By Kamana Divya Sree (DSNLU, Vizag)
Facts of Case
Mr. Peter Beswick, an elderly coal merchant entered into an agreement with his nephew Mr. John Joseph Beswick on 14th March 1962. Under this agreement, Mr. Peter Beswick assigned the assets of his coal business to his nephew Mr. John Joseph Beswick and in return, his nephew agreed to pay him a sum of £6 10s per week rest of his life and after his death £5 to be paid to his wife i.e Mrs. Peter Beswick as an annuity. Mr. John Joseph Beswick paid Mr. Peter Beswick until his death and made only one payment to his widow. Mrs. Peter Beswick brought an action against Mr. John Joseph Beswick for failing to pay the annuity. She did so in two capacities :
1) As administratrix of her late husband’s estate; and
2) In her personal capacity
Can Mrs. Peter Beswick sue her nephew either in her own personal capacity or in the capacity of the executrix of the will, or both?
Court of Appeal
Initially the Vice-Chancellor of the Chancery Court of the country Palatine of Lancaster dismissed the claim for specific performance. Then the case came to the the court of appeal. Here Mr. Lord Denning held that the plaintiff is entitled to remedy both in her personal capacity and also as the adminstratix of her late huband’s estate.
House of Lords
Upon appeal to the House of Lords, it was held that Mrs. Peter Beswick in her capacity as an adminstratix was entitled to specific performance of the agreement made between her husband and her husband’s nephew. It was also held that the commonly existing Doctrine of Privity of Contract had to be applied and Mrs. Peter Beswick’s action under personal capacity cannot be maintained.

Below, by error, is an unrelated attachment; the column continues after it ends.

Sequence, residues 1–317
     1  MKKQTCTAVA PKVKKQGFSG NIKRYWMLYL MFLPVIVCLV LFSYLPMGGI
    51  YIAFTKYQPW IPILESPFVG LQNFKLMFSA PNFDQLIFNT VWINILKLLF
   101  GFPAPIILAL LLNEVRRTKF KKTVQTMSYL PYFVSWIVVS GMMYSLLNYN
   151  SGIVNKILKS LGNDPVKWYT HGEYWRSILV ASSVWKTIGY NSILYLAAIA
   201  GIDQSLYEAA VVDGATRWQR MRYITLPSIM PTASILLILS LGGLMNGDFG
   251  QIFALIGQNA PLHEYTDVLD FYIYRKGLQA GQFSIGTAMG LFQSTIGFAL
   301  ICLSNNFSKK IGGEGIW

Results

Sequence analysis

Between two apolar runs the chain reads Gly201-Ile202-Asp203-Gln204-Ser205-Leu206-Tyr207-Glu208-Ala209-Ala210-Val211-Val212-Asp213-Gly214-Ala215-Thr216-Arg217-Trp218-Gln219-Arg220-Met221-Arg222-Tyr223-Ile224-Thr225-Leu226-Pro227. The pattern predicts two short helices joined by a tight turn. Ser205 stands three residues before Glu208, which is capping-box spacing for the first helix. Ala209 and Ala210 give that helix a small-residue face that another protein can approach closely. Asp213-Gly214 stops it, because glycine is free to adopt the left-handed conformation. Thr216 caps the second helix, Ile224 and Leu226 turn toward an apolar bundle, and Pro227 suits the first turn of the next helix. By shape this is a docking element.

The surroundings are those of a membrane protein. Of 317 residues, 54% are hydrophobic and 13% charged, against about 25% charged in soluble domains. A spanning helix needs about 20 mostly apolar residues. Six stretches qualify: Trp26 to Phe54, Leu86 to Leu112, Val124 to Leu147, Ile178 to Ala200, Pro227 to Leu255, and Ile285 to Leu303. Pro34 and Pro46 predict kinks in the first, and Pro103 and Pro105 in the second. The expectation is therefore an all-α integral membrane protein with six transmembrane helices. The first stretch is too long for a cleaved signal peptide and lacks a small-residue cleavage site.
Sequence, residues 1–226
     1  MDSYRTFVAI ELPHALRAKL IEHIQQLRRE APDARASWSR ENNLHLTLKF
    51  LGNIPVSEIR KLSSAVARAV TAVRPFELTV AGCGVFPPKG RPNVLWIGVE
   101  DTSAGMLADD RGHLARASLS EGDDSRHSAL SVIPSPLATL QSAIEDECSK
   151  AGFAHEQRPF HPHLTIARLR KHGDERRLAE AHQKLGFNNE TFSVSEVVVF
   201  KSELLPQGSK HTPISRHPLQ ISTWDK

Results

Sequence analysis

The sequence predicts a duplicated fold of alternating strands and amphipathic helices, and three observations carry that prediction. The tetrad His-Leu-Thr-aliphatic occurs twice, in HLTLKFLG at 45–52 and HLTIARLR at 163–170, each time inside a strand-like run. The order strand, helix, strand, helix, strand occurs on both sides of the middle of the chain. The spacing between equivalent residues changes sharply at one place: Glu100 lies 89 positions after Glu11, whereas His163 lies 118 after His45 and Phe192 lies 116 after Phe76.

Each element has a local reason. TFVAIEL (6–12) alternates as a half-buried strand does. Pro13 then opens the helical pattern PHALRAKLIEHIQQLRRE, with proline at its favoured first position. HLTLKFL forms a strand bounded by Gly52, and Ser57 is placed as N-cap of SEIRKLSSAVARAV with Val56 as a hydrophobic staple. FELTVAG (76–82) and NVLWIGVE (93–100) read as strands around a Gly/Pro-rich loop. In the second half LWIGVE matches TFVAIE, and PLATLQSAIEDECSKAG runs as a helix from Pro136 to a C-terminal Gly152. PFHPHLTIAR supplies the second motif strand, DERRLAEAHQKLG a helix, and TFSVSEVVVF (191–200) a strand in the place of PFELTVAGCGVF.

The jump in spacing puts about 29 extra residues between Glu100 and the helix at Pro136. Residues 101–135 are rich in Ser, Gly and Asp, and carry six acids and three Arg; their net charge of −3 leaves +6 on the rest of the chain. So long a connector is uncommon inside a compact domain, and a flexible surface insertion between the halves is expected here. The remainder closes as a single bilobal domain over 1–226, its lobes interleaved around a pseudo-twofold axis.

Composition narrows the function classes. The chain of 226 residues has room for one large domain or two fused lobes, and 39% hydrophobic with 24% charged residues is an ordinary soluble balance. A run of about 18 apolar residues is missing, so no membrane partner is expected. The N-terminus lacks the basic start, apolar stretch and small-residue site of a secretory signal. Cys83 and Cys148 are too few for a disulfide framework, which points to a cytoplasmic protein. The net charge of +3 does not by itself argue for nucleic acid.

Doctrine of Privity of Contract
“A person who is not a party to a contract cannot enforce it or any of its terms. Even if the person can show that one of the parties to the contract was acting as his agent, he will still be unable to enforce it if he has not provided consideration”
In general privity of contract as a relation where the parties entering into a contract can sue each other but restrict it from letting a third person sue them. Only the parties entering into the contract can sue each other. Only a promisee may enforce the contract and if a third person is not a promisee to the contract then he has no right to enforce it. This principle was stated in the case Dunlope True Co v. Selfridge. There is also a principle which says that the consideration must move from the promisee which was given in the Tweddle v. Atkinson case. The privity of contract only occurs between parties in a contract and is most common in contract of sale of goods or services.
Specific performance is an equitable relief granted by the Court to enforce contractual obligations between the parties. It is a remedy in performance as opposed to a claim sounding in damages for breach of contract where pecuniary compensation is granted as relief for failure to carry out the terms of the contract.